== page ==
We won the Jackpot! – Thursday, 28th Week in ordinary time – Ephesians 1:1-10
For the next two weeks, the liturgy of the Eucharist will present and ponder texts from the letter to the Ephesians. Without debating and presenting every scholarly opinion on the why’s and how’s of this book it is sufficient to say the following as an introduction.
Even though Ephesians 1:1 says that the letter is “addressed to the saints in Ephesus” we are not sure who this letter was addressed to as the earliest manuscripts do not mention the word Ephesians. This ‘epistle’ or letter is not really written in the style of Paul’s letters though its opening and closing make it appear so. Scholars have called it ‘a circular letter’ or a ‘theological discourse’ or ‘an encyclical’ sent to various Churches in Asia. The letter itself is not from the hand of Paul though in many ways may reflect his mind. When you compare the themes that Paul dwells on or his style of writing or words used, this ‘epistle’ reads far from the Paul we are familiar with.
So, who wrote Ephesians and when? Scholars have opined that Ephesians was written between 80-100 AD after the Pauline corpus of letters were written in the post apostolic era. At best we can say that it was written by an admiring disciple of Paul. We know that Paul visited Ephesus twice; during his first missionary journey (Acts18:19-28) and again on the third missionary journey when he stayed there for three years. Yet when you read Ephesians 3:2-4 it sounds that the Ephesians were not personally squinted with him. Hence the letter was written pseudonymously after Paul’s death. This was not meant to deceive us but was a style of writing in antiquity to honour the person one admired or to continue to keep his teaching or thoughts alive.
The author writes as a Jew to a largely Gentile audience with the message that in Christ God has “made both groups into one and has broken down the dividing wall, that is, the hostility between us” (Ephesians 2:14). It is not easy living together as two groups who have previously been at odds with one another on religious grounds. The letter acknowledges that living with differences requires effort: it takes humility, gentleness, and patience (cf. Ephesians 4:2-3). And yet this is not written to settle congregation issues as in 1 Corinthians or Galatians, it was written to explain some of the great themes and doctrines of Christianity.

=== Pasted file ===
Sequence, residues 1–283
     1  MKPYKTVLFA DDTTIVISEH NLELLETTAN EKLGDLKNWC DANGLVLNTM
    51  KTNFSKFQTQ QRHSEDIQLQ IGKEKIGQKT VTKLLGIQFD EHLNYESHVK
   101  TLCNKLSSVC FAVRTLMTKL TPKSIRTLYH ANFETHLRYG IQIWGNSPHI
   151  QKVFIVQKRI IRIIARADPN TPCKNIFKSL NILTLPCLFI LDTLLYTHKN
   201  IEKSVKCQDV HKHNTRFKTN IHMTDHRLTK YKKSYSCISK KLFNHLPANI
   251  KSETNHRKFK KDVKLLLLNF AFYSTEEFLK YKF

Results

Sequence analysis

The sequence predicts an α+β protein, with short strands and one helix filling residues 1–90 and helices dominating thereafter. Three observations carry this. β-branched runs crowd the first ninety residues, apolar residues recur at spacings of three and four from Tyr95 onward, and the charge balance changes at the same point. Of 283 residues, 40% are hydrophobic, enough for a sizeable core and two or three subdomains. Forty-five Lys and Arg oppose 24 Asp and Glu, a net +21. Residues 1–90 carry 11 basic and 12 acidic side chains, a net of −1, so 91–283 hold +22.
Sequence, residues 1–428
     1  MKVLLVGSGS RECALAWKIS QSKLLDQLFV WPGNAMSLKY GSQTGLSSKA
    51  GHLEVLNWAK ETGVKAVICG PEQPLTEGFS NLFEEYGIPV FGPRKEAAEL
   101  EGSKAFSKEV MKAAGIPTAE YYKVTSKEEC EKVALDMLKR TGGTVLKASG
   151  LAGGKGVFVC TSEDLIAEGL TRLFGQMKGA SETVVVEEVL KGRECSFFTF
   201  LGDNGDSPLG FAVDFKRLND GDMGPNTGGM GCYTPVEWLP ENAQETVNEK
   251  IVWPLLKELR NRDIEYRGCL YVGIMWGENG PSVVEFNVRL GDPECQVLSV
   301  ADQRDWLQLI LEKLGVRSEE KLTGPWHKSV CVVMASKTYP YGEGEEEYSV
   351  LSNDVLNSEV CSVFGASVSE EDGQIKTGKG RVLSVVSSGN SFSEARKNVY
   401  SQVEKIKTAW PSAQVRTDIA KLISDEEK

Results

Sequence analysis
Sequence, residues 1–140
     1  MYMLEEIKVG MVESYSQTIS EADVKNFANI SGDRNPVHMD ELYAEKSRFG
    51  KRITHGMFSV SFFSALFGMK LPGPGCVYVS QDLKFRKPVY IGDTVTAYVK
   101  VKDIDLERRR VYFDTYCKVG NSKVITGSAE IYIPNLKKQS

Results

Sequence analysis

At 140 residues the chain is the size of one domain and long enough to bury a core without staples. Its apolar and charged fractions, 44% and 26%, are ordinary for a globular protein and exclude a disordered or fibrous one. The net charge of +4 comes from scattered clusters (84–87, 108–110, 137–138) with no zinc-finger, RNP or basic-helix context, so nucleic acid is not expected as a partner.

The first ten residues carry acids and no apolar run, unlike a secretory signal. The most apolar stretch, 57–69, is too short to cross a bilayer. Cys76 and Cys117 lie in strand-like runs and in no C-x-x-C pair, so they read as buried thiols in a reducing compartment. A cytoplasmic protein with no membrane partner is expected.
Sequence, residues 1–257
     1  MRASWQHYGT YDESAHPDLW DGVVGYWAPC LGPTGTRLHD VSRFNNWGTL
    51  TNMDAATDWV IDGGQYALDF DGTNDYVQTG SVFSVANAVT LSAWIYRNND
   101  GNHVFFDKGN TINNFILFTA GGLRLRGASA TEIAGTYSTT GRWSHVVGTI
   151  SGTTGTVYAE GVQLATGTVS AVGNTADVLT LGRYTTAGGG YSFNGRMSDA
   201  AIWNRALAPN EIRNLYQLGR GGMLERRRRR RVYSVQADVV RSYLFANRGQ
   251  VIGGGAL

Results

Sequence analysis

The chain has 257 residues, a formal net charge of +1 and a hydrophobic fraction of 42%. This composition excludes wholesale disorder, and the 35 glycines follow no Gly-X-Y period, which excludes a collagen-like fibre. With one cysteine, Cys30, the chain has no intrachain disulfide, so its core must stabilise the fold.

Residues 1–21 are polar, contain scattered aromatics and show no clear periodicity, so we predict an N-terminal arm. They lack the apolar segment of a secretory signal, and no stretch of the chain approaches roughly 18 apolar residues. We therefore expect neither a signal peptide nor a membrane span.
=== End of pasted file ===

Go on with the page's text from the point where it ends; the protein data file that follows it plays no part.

Our opening verse is written in typical Pauline style yet if you look at verses 3-14, it is one very long sentence in the Greek text. While most of Paul’s letters begin with a salutation thanking God, this text takes the form of a liturgical blessing of God’s name. The opening verses are part of a hymn of thanksgiving or what we call a “doxology” because it recites what God has done. The term comes from the Greek word doxa which means ‘glory’.
God’s name is Blessed (verse3), not once but thrice! We often understand the word bless to mean ‘sanctification’ but the Jewish word ‘Berakah’ translated in Greek to ‘eulogetos’ really means ‘to thank’. Our ‘Eucharist’ is a ‘thanksgiving’ to God. But why is Ephesians thanking God so profusely? The answer is found in our text. Because HE CHOSE US (verse 4) to be holy (Haggios in Greek means different) and blameless. He adopted us (verse 5) and redeemed us (verse 7). He has made known to us the mystery of his will (verse 9). God has blessed us and therefore, we will bless him.
Standing out in all these reasons is the word adoption. Adoption was common in antiquity as a result of the death of a child or in order to make way for an heir. But BECAUSE God adopted us, we ‘obtained an inheritance.’ In short, we won the jackpot! While adoption may not sound great to some, the context changes when the one adopting us is God. Because of the adoption we have a legal status as His children. Here is when things get better! God is not adopting one of us but all of us. Because we are adopted by God, we now bear His name; we are CHRISTians.
This adoption was not by chance, God had destined it (verse 5) according to his will (verse 9). No one forced him to adopt you and me. This was his desire that we become his. He adopted us because we were part of his plan (verse 10) and he did all of this because he wanted to redeem us, he wanted to buy us back from satan. The Greek word for redeemed is lootruo, which means, “to liberate on the receipt of a ransom.” He did this by paying a price; that of his son, Our brother and our Lord, Jesus Christ.
One is bound to ask, why us? Why choose sinful humanity? That, Ephesians tells us, is ‘the mystery of his will.’(verse 9). God is not capricious nor is he random. He did not just wake up one day and decide to pick us up; this was done with ‘all wisdom and insight’. He chose us “before the foundation of the world,” not only before our birth, but before creation, when there was only God. God was mulling over what creation should look like and decided that it should include you and me.
But his reason for choosing us demands our share of cooperation. We were chosen to be ‘holy and blameless. ’The Greek word haggios means ‘different’, ‘set apart’ God chose us so that by our adoption we would be different from all other people. God wanted us to act differently, think differently and be differently so that when the world see us they ‘will know that we are Christians.’ Yet God wanted us to be blameless or without blemish. Lambs offered in the temple for sacrifice were to have no blemish. God chose us to be set apart by the fact that we were to be offered to him without spot or wrinkle. He expected a high degree of purity—in this case, spiritual purity.
The rest of this magnificent blessing-prayer will be concluded in tomorrow’s reading.